Polish mirror, clear to shine,
And streams must run if they refine,
And widen as they flow;
The diamond water lies concealed,
Till polished it is ne’er revealed,
Its glory bright to show.
A bard must traverse o’er the world,
Where things concealed must rise unfurled,
And tread the feet of yore;
Tho’ he may sweetly harp and sing,
But strictly prune the mental wing,
Before the mind can soar.

It is not known the extent to which Horton’s location in the South and position as slave made it impolitic for him to speak out against his own slavery in violent terms. It is quite true that slavery in the nineteenth century was more brutal than that of the previous century, and poets such as Charles Lewis Reason (18181893) and James Monroe Whitfield (dates unknown, fl. 1853) were among many who blasted a United States consciousness, morality, and politics that permitted the continued outrage of slavery.
Whitfield wrote, in his poem, America (from America and Other Poems, 1853):

America it is thee,
Thou boasted land of liberty,
It is to thee I raise my song,
Thou land of blood, and crime, and wrong.

Whitfield goes on to delineate the particular crimes of slavery, including the rape of slave women, and he accentuates the irony of African Americans who fought in the Revolutionary War “to forge fresh fetters, heavier chains for their own children.” He wrote a poem in honor of the black hero, Cinque, and honored the British abolition of slavery on August 1, 1838. Ann Plato (1820?-?) also commemorates the August 1 event, but much of her remaining works are pious Christian reflections on earthly life and heavenly reward. A notable exception is “The Natives of America,” a dialogic poem in which a father describes Native American life to his child. The cause and nobility of the Native Americans is lauded and the marauding, usurping Europeans are the villains. Plato lived in Hartford, Connecticut, and her collection of poetry, Essays, Including Biographies and Miscellaneous Pieces in Prose and Poetry (1841), was published through the help of her church.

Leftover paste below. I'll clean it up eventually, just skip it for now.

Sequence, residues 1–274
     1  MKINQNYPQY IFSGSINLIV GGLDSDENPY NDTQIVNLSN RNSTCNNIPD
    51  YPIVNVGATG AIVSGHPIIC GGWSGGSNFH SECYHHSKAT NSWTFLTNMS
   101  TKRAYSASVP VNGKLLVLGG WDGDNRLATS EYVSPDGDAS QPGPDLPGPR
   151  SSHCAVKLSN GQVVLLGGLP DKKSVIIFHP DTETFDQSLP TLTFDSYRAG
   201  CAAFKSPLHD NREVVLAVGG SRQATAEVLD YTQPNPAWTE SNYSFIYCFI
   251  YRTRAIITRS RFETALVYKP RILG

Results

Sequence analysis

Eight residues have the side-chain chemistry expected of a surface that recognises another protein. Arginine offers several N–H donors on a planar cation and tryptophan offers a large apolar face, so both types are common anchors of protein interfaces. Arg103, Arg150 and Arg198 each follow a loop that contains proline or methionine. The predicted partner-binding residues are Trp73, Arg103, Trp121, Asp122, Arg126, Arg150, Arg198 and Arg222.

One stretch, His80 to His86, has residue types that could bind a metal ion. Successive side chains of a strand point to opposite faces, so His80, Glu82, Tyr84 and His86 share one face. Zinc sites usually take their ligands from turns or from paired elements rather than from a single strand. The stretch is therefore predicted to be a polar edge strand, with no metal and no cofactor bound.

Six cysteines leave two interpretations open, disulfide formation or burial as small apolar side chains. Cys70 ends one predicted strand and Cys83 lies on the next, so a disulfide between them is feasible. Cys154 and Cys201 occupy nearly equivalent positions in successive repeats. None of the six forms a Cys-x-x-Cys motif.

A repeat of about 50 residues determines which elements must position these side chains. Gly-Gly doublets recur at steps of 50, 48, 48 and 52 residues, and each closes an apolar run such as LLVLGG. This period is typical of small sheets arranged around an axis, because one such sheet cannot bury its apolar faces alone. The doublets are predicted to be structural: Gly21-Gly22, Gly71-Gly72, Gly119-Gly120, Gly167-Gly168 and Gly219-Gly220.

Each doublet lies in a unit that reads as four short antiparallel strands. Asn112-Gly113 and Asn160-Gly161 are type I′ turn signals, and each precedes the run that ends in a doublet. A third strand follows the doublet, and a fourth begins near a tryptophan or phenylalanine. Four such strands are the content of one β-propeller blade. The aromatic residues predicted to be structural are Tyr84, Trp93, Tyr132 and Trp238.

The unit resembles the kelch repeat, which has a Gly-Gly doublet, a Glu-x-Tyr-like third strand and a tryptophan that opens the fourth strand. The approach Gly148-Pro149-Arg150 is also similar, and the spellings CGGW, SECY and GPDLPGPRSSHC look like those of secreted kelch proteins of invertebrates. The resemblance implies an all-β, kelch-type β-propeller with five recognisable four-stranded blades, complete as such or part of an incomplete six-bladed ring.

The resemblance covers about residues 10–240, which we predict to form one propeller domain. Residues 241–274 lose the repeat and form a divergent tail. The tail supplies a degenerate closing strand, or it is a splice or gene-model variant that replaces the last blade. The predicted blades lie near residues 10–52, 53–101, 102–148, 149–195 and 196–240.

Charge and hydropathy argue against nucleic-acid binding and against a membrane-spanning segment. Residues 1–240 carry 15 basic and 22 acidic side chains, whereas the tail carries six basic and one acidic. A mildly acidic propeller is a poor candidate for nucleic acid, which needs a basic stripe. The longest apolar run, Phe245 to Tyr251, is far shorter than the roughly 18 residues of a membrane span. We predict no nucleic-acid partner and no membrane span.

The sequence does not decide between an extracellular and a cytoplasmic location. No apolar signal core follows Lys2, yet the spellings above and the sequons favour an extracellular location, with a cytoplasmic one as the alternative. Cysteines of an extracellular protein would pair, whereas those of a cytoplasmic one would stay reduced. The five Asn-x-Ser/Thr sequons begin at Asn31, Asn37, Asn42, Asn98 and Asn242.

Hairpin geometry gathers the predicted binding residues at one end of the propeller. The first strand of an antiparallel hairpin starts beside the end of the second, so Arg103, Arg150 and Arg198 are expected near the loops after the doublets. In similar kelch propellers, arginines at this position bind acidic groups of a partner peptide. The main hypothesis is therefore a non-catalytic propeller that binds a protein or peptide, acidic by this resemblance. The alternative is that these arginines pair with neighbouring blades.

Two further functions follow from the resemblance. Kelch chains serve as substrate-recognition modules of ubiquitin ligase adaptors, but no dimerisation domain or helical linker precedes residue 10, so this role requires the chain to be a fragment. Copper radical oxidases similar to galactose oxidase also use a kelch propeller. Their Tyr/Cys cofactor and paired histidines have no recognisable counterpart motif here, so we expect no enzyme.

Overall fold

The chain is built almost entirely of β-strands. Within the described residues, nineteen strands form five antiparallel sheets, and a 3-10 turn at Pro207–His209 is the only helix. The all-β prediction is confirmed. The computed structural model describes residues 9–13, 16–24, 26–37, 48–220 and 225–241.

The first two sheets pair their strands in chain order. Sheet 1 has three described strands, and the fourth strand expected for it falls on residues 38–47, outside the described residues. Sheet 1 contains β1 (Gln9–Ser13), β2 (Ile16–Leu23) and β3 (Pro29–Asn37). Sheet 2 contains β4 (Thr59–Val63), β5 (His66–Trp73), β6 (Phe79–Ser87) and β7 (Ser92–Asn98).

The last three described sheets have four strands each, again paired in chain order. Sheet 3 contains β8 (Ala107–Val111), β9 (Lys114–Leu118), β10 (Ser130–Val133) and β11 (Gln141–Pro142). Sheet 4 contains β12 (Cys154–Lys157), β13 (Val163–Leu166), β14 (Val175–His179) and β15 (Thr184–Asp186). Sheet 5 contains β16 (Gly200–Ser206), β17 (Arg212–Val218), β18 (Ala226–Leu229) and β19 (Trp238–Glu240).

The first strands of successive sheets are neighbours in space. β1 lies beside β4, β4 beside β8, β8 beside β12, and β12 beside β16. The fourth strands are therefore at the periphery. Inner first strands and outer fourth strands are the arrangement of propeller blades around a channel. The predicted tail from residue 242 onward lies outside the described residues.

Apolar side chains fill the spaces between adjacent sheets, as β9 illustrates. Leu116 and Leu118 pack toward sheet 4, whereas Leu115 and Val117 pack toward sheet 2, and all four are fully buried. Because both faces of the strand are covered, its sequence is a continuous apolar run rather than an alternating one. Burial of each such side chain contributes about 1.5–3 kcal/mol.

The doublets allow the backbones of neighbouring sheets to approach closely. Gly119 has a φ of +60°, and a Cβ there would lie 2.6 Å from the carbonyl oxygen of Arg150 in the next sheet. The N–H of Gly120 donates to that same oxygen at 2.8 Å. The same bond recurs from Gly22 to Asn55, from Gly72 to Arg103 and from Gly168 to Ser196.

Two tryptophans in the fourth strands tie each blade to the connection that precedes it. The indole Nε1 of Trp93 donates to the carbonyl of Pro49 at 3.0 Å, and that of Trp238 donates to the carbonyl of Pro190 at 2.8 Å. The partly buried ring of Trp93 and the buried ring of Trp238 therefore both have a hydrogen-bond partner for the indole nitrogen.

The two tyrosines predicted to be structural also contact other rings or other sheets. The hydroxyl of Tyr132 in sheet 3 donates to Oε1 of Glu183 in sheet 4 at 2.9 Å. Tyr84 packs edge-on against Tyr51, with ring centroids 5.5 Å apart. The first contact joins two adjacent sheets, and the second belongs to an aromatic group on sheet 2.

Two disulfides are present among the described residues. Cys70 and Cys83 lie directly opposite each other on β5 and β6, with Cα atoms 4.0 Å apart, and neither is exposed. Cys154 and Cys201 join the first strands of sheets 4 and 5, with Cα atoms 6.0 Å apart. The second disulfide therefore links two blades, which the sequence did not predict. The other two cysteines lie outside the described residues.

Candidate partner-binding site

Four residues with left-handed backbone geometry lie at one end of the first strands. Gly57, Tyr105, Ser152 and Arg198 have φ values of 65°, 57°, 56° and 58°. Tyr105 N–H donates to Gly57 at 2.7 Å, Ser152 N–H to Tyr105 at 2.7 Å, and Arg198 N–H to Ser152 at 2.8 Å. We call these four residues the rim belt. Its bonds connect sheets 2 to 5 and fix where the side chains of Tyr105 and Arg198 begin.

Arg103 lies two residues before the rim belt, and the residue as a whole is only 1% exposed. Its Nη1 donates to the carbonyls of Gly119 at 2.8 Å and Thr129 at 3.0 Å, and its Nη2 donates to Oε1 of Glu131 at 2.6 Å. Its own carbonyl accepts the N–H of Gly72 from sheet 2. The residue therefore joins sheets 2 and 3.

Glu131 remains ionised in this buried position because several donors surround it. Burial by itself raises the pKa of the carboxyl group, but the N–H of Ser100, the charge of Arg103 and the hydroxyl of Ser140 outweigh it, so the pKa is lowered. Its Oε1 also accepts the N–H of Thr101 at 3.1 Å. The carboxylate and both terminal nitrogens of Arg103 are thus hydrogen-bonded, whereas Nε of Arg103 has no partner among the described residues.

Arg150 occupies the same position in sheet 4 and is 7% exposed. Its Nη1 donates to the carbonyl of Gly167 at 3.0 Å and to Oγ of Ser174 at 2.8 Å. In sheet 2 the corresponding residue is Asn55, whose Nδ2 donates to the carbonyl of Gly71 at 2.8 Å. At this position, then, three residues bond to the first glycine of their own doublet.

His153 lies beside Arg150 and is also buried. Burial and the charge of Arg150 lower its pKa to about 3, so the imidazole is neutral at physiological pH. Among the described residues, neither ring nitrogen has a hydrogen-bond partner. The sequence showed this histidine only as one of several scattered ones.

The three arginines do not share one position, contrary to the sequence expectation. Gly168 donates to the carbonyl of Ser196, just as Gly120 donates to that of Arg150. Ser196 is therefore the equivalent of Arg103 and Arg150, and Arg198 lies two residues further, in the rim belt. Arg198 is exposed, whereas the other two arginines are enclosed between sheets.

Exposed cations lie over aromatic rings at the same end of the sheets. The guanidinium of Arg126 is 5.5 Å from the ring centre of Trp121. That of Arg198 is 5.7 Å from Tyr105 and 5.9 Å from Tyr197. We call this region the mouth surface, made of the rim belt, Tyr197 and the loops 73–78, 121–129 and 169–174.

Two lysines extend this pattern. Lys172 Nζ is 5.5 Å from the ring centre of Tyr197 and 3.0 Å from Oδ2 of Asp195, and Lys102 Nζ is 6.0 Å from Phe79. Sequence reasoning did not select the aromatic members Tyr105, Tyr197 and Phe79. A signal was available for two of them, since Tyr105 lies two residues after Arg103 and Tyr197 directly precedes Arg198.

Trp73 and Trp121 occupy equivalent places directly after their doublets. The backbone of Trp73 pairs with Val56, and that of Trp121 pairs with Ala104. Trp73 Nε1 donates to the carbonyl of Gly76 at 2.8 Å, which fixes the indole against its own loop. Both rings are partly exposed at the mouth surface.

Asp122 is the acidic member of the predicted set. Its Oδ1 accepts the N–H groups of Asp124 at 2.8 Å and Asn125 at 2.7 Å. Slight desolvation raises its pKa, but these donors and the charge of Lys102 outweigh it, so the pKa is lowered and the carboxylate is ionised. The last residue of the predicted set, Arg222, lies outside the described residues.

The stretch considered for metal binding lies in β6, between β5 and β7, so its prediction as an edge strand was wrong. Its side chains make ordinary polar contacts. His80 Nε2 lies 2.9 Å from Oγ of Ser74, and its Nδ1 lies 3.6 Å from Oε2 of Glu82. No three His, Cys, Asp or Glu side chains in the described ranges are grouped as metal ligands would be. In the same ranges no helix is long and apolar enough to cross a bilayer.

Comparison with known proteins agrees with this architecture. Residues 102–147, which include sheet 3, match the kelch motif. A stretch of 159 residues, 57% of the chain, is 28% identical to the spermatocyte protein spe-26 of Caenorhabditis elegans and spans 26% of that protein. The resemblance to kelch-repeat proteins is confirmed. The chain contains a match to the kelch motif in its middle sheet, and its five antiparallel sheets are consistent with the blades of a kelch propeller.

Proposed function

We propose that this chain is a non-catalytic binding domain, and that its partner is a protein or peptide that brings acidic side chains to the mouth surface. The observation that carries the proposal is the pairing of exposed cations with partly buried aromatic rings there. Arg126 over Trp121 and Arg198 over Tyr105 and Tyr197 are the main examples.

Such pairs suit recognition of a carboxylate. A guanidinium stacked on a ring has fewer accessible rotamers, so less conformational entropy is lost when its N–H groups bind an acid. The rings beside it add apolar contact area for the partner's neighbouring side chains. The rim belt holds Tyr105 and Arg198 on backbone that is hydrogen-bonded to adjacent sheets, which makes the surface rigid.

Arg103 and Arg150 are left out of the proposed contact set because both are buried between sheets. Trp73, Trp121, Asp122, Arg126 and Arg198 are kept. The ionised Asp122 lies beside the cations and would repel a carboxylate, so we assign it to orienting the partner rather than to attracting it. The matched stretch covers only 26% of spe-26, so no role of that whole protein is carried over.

Charles Lewis Reason (18181893) was a strongwilled and highly accomplished poet and teacher. Racism kept him from a high position in the Episcopal Church, and most of his working years were spent teaching in the New York public school system.
Reason wrote many stirring poems against slavery as evidenced by these lines from “The Spirit Voice” (1841), where he manipulates the stanza form to present perceptions both abstract and natural.

‘Tis thought alone, creative fervent thought!
Earnest in life, and in its purpose bent
To uphold truth and right, that rich is fraught
With songs unceasing, and with gleamings sent
Of sure things coming from a brighter world.

Reasons poem, “Freedom” (1846), narrates the progress of freedom from the ancient Near East, Greece, and Rome until the present, and shows the influence of, if not a direct acquaintance with, Hegel’s concepts of the development of nations.
In the decade preceding the Civil War the poets Alfred Gibbs Campbell, John Sella Martin, and Frances Ellen Watkins Harper were among those most vigorous in their condemnation of slavery and of the fugitive slave law that made it compulsory for all U.S. citizens to return fugitive slaves to their owners. Campbell (dates unknown, fl. c. 18531883) wrote many poems condemning the hypocrisy of Fourth of July celebrations, and was a strong supporter of women’s rights and prohibition. His poem, “To a Young Mother” (in Poems, 1883), is remarkable for its sensitivity and avoidance of sentimentality; his antislavery poems are stark and uncompromising” precious indeed / to Modern Moloch as the agony / of the fond mother when her child is snatched./ . . . / Or / The piercing shriek of the poor hunted slave / Torn piecemeal by his bloodhounds.” (“Warning”); and he reveals an admirable capacity for intellectual openness and religious tolerance in ”Cry ‘Infidel.’ ” Campbell has full control of language, style, and emotional power in his poems, and uses blank verse, rhymed tetrameter couplets, and irregular stanza forms with ease. Perhaps his most effective poems are those of reflection, “Ode to Death,” “On the Deep,” and “Questionings.” In the last poem he poses the supreme unanswerable question.

If thou (as some philosophers would say),
Art thus of God a part disintegrate,
Imprisoned for a time in worthless clay,
But destined still to a deltic state,
To reabsorption in the Infinite,
Why thus art fettered in the murky tomb
Of earth’s soul-dungeon, where no certain light
From Light’s Eternal Source dispels the gloom?
Is it for discipline? What need hath God